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This English and Irish folk ballad was first documented in 1689, and has as many titles and sets of lyrics as you would expect of a folk song.

I encountered it in the soundtrack to the film adaptation of Far From The Madding Crowd. In the film, it is sung by Bathsheba (played by Carrie Mulligan) to a family gathering that includes plenty of preteen girls, as a pointed warning. Perhaps as a warning to the men at the table, as well. And then one of the men joins in. Perhaps he's been loved and cruelly abandoned?

Breach of Promise was developed as a legal concept to prevent this sort of thing happening once a couple was betrothed. But it could do nothing about the situation beforehand...

The movie version, sung by Carrie Mulligan, is here. But it's hardly the earliest recording one can find.

 


 

Come all you fair and tender maids
That flourish in your prime.
Beware, beware keep your garden fair.
Let no man steal your thyme;
Let no man steal your thyme.

For when your thyme is past and gone,
He’ll care no more for you,
And every place where your thyme was waste
Will all spread o’re with rue,
Will all spread o’re with rue.

Chorus
For woman is a branchy tree,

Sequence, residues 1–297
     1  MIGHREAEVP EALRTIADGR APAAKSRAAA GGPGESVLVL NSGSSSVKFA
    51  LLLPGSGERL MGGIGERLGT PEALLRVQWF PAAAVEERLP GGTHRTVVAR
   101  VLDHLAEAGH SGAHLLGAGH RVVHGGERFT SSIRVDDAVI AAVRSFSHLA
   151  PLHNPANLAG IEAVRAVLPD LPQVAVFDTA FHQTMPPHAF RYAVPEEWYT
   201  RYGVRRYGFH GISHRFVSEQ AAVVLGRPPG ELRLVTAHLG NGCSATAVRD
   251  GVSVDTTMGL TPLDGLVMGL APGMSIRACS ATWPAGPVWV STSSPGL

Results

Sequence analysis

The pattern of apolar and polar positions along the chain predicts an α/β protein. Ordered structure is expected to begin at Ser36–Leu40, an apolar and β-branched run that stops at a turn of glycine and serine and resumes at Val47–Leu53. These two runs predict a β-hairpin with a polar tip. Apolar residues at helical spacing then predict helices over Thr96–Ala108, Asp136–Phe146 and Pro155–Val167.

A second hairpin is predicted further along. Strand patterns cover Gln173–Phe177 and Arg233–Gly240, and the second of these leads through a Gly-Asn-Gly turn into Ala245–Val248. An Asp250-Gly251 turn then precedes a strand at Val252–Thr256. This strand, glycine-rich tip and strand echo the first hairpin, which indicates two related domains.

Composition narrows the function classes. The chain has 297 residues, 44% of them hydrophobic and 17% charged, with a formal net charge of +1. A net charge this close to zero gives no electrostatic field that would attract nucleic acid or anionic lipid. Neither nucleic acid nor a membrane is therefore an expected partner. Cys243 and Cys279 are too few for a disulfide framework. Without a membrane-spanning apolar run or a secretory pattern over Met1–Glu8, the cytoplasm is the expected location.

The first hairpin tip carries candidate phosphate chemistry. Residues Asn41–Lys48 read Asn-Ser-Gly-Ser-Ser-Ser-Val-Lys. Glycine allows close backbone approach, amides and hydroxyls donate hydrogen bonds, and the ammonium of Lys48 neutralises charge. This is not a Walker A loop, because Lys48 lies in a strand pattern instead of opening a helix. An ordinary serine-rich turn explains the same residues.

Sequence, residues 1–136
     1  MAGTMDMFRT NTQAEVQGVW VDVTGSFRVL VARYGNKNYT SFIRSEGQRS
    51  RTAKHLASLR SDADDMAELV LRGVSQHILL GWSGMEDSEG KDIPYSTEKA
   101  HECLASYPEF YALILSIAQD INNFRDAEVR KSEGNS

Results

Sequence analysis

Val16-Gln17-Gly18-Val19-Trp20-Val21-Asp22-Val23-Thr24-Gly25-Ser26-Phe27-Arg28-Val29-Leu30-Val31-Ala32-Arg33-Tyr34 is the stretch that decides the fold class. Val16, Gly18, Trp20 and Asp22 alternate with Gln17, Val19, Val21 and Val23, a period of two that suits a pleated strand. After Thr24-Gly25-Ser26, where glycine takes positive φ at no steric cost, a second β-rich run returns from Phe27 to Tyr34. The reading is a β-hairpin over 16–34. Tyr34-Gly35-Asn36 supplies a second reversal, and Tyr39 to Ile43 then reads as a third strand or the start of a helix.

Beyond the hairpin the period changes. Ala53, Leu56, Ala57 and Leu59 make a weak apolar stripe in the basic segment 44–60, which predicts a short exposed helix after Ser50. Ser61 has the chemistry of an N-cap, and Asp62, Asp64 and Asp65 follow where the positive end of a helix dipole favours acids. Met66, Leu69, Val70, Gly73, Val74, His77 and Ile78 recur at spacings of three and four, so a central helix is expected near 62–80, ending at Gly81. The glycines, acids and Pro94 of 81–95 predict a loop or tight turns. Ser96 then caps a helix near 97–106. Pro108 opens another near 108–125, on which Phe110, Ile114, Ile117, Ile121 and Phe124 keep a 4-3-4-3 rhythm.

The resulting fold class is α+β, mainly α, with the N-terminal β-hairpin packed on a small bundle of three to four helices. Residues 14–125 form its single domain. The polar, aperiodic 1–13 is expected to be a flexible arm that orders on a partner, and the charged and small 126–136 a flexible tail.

And man’s a clinging vine,
And from your branches carelessly
He’ll take what he can find,
He’ll take what he can find.

The gardener’s son was standing by;
Three flowers he gave to me
The pink, the blue, and the violet, too,
And the red, red rosy tree,
The red, red, rosy tree.

But I forsook the red rose bush
and gained the willow tree,
So all the world might plainly see
How my love slighted me,
How my love slighted me.

Chorus

Come all you fair and tender maids
That flourish in your prime.
Beware, beware keep your garden fair.
Let no man steal your thyme;
Let no man steal your thyme.


In case you want to look up the song on the internet, it is also known as "Maiden's lament", "The Sprig of Thyme", "The Seeds of Love," and "Garners Gay".

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